Museum: A Collection of Four Works

Still Life with Barn and Plough

Arman Burford
landscape painting with oil and seeds
Iowa, 1933

We’re the people you remembered in that childhood of the young barn, not blood red or too-young-to-know fire engine red, not cranberry red or blushing-about-affection red, and not even ready-for-fucking red, and certainly not that healthy-glow-just-before-you-realize-you’re-dying red.

We’re noticing a lot of brown now, though a little faded, like history, almost sepia, and a little bit of amber, which is even older, and the grass has almost sighed, leaning over with its head of seeds as if to whisper to the earth, which is still hard in the August heat, and not ready to start over, not ready to accept the absence of everything tearing it apart.

We’ve all got our growth stains, and we’re all here in the suggestive details of this painting, with our passing not quite frozen. See how slowly life changes? The last time you looked it probably seemed the same, but it wasn’t. We’re still gesturing to each other that it’s a good painting, with something of the truth about our misperceptions still haunting the edges of the hidden figures, which might have been other people but weren’t and don’t move in the way we have come to believe a rewarding life should, but don’t just fall apart for death either. Behind the yellowing reeds, a pheasant, hiding the one unrusted spot on a dull plough that keeps rusting around it so incredibly slowly that you have to actually think about it to know for sure what you already are. And those few leaves there beside you have fallen, we want to believe, reluctantly from a healthy tree. You can’t see all their colors from this vantage point, wild and quiet with implied knowledge concerning this discussion of those others who are not in the painting.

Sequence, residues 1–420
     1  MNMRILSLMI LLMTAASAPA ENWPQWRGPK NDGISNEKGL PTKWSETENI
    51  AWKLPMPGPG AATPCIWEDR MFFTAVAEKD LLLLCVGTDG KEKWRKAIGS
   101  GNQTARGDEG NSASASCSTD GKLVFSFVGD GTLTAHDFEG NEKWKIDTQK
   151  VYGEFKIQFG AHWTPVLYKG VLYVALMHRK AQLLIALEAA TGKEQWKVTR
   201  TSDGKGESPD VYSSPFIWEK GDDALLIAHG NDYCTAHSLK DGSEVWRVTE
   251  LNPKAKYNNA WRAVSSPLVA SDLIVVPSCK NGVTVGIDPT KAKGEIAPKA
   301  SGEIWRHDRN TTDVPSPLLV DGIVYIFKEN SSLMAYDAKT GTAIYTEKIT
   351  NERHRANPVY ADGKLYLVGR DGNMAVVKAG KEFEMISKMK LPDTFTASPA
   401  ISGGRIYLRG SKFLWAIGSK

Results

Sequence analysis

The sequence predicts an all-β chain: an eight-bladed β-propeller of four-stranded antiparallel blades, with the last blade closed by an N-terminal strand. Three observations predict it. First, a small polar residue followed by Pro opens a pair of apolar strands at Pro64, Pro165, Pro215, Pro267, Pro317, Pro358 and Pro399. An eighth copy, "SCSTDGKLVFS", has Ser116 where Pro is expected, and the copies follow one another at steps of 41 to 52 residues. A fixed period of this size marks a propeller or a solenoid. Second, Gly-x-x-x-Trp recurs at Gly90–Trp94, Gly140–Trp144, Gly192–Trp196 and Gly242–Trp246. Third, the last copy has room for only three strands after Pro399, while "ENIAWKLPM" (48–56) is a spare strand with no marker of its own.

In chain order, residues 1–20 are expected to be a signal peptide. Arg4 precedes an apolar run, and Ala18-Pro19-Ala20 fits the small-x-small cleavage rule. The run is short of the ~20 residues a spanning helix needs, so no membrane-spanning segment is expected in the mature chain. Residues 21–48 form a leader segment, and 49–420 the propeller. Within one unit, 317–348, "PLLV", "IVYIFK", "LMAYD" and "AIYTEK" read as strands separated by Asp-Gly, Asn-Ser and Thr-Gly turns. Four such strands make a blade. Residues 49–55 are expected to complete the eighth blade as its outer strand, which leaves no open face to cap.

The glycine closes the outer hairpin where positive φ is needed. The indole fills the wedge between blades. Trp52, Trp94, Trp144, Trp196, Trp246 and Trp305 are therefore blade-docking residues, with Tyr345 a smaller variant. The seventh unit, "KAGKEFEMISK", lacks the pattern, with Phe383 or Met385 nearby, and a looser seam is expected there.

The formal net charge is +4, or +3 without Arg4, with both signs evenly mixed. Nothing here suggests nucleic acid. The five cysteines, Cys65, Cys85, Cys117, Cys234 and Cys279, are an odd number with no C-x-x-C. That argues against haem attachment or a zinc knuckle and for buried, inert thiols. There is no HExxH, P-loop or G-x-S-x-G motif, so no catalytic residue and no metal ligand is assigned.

Stone Flung Thoughtlessly to the Waves

James C. Cameron
pastel seascape on paper
Scotland, 1892

You held me beyond parting and knew not what weight you spent on the waves before falling to others. Our loves are not all visible, and yours, I took for granted, might include me and my brutal freedoms.

No one is ever tied down the way missed opportunity explains, but deeper can still hold, and so you go there at changing angles after skipping the tension and break into life and sink, slide up and back before settling.

I know without seeing and perch to sing silently, where the weight of atmospheres cannot change you but slowly softens your long cold bed. Sleep then, if you can tell it from a far fleeting world, thinking yourself still awake.

Stranger on a Dark Road

William R. Kunstler
egg tempera on board
England, 1847

O Agatha, I offer you mere clues to the poison of incomplete intentions. I wasn’t me, bandy-legged runt leaning ditsy, medieval knees passing the stations of bones, a hazel glen wound round with bracken dense and drear, a bed of rushes woven there where I had slept hard and cold the night before.